Thirty-six years and $150 million after it was authorized by Congress, the Yuma desalination plant cranks up Monday for a test run.
The plant will capture very salty irrigation runoff and convert it to potable water to send to Mexico to meet U.S. treaty obligations. Without it, the U.S. has to send more Colorado River water to Mexico from Lake Mead, an important but drought-plagued source of drinking water for Tucson and Phoenix.
Southwestern states have been pushing the U.S. for years to start up the long-shut desalination plant.
However, because it costs so much to run - $23 million for the 12-month test - it's still far from clear the plant will ever operate full bore.
The U.S. Bureau of Reclamation thinks it might even be cheaper and smarter to pay farmers in the Yuma area not to grow crops. The Colorado River water they now use could then go to Mexico, reducing the need for the expensive desalination.
It's the latest chapter in the long, tangled history of the Yuma Desalting Plant, whose backers call it part of the solution for the drought in the Colorado River basin.
But as a plant that has sat idle most of its 18 years and will cost four times as much to operate as the Central Arizona Project, it's also been called a white elephant.
Starting Monday, the plant will operate at 30 percent of capacity during 12 of the next 18 months.
The test will let officials clearly understand the plant's operating costs and how much additional investment they'll have to make in the plant. It will operate with a lot of aging equipment.
Arizona water officials believe that the federal government should operate the plant permanently and that the time for evaluating other alternatives is over, said Chuck Cullum, a senior policy analyst for the Central Arizona Project, which brings drinking water to Phoenix and Tucson from the river.
"We're in a drought. Let's conserve water" in Lake Mead, Cullum said. The lake is on the Arizona-Nevada border; the water is brought to Southern Arizona by the CAP canal system.
But he added, "We need to start making the difficult decisions about how we are going to move forward if the plant is not going to operate."
In what officials call unprecedented state-federal cooperation, the governments of Arizona, California and Nevada are combining to pay $14 million of the $23 million. In return, they'll get rights to a proportionate share of the water that will be stored In Lake Mead and not be released downriver to Mexico.
At full blast, the plant could produce 78,000 acre feet of water annually. That's enough to supply nearly 250,000 families for a year.
Arizona officials say the plant is needed in part because the Colorado River will run short someday.
The decade ending in 2009 was the hottest and driest decade on record in the seven-state Colorado River Basin. Runoff into the Colorado is expected to peak this spring at only 66 percent of normal flow into Lake Powell.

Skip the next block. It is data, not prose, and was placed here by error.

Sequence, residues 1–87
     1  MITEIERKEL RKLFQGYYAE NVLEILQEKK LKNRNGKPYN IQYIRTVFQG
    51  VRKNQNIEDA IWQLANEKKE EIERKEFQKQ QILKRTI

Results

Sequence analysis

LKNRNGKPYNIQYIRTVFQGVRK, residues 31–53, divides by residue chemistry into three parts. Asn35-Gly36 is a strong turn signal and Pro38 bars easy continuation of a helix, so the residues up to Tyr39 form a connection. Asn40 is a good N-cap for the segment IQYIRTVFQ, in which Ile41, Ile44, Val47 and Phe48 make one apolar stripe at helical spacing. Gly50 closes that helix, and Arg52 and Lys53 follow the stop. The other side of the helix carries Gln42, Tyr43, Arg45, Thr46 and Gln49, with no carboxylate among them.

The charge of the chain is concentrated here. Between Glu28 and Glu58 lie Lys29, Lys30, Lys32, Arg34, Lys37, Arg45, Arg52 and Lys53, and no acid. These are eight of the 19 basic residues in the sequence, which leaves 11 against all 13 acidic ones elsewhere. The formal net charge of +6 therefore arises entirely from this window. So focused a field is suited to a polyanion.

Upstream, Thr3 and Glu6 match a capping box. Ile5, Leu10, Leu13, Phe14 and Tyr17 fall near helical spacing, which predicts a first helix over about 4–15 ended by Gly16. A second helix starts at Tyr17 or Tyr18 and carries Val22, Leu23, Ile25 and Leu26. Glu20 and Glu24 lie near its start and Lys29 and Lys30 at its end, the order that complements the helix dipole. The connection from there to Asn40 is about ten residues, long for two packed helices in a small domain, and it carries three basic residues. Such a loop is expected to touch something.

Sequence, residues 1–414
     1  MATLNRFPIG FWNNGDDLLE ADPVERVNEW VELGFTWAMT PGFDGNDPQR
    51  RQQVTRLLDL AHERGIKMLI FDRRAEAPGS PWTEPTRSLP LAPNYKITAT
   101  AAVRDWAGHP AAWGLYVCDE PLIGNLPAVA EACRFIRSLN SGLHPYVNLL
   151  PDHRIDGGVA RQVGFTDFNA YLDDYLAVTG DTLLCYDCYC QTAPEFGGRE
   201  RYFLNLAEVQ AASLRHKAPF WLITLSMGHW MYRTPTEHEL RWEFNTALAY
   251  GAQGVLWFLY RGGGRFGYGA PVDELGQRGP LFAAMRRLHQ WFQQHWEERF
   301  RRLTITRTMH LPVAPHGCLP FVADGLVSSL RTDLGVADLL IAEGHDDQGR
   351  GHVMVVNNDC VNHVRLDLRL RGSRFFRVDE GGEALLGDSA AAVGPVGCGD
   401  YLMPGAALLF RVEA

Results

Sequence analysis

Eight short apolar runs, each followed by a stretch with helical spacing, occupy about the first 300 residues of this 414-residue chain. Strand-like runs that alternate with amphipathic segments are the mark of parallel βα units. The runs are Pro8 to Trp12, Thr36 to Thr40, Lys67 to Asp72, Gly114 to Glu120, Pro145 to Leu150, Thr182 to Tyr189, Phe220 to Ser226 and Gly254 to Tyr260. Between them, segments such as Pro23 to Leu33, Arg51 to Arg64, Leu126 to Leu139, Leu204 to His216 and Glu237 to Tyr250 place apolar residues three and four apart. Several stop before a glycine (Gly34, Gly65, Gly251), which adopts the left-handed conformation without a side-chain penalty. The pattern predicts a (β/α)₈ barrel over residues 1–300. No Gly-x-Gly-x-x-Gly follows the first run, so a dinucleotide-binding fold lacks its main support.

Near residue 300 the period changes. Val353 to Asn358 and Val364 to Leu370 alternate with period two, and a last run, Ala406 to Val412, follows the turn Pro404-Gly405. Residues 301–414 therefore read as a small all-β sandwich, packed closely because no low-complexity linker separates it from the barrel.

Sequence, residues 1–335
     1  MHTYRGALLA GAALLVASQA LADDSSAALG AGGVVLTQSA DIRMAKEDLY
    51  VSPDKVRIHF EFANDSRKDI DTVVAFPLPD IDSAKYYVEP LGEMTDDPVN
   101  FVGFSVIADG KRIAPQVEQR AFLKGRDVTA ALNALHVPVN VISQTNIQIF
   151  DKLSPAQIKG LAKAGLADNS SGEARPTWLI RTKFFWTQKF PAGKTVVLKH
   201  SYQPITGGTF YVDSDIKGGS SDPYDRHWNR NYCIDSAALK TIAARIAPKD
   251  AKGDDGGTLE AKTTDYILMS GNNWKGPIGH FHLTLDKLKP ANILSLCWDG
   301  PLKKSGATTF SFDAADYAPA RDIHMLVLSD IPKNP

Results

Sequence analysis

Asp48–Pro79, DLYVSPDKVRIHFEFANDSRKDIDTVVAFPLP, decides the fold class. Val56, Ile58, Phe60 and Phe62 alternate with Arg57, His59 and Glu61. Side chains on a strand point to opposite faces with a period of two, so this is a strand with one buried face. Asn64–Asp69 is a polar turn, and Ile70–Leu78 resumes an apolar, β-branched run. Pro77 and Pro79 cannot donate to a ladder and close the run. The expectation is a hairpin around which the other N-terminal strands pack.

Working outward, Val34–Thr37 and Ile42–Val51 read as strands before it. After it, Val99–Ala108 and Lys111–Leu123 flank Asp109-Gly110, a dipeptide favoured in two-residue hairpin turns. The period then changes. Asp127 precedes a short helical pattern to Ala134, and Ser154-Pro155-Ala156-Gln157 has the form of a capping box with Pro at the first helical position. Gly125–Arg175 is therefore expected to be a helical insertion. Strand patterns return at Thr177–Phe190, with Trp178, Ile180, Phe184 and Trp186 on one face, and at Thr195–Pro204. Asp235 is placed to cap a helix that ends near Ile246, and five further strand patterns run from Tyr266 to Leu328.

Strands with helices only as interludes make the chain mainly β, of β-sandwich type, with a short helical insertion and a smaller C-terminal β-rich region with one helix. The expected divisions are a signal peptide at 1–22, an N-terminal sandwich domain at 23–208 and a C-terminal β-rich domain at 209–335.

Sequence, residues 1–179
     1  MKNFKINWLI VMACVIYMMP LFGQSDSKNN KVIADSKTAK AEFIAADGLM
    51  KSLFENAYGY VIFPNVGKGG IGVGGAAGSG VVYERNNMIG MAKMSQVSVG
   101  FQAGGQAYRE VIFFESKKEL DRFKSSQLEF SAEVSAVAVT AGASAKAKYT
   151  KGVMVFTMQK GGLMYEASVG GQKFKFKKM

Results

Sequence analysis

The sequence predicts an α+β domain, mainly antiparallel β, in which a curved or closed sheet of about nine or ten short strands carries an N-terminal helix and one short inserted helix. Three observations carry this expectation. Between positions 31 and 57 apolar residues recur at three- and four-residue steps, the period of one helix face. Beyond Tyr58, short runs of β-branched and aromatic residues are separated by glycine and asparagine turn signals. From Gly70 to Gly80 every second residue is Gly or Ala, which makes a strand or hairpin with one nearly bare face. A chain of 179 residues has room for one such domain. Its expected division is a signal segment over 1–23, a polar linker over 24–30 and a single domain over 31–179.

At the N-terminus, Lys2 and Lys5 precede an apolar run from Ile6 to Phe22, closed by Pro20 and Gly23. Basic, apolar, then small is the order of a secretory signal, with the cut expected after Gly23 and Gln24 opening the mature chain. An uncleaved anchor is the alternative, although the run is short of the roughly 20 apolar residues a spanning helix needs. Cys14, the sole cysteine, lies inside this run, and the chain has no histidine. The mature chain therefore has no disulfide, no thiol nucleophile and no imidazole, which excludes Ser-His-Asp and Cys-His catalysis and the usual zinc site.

The plant's estimated operating cost is $484 per acre-foot, compared to about $120 an acre-foot to deliver CAP water. The plant's acre-foot cost could drop if it runs full blast because of the savings of running it on a larger scale.
Cullum acknowledged that the bureau has been very cooperative in exploring alternatives and has been caught in the middle of conflicting pressures.
Karl Flessa, a University of Arizona researcher who will work on a study monitoring the desalination plant's environmental effects, said his hunch is that officials could save the amount of water the plant would produce with conservation measures in farms and cities. Water is also needed to supply the region's few remaining wetlands, he said.
"In Western water, the focus until recently has been on increasing our supply," said Flessa, head of UA's Geosciences Department. "Now, we need to take a look at the demand side."
One problem the bureau may have in permanently running the plant is that it doesn't usually receive the kind of large budget increases that would be needed plus sizable investments to replace aging equipment, said Jennifer McCloskey, manager of the bureau's Yuma office.
A few years ago, before the economic bust started, "I would have been a little bit more optimistic" about the plant's long-term future, McCloskey said.
If authorities go the route of taking farmland out of production, however, the experience to date suggests that it won't be the whole solution.
In four years, the bureau has saved 20,000 acre-feet of water by paying $90 to $170 an acre-foot to farmers near Yuma and in Southern California.
After sending letters to all major farmers in that area, "We've gotten some takers, but not a lot … not as much as I would have anticipated at the start of the program," said Steve Hvinden, an operations director for the bureau.
Contact reporter Tony Davis at 806-7746 or email@example.com; follow him on Twitter at tonydavis987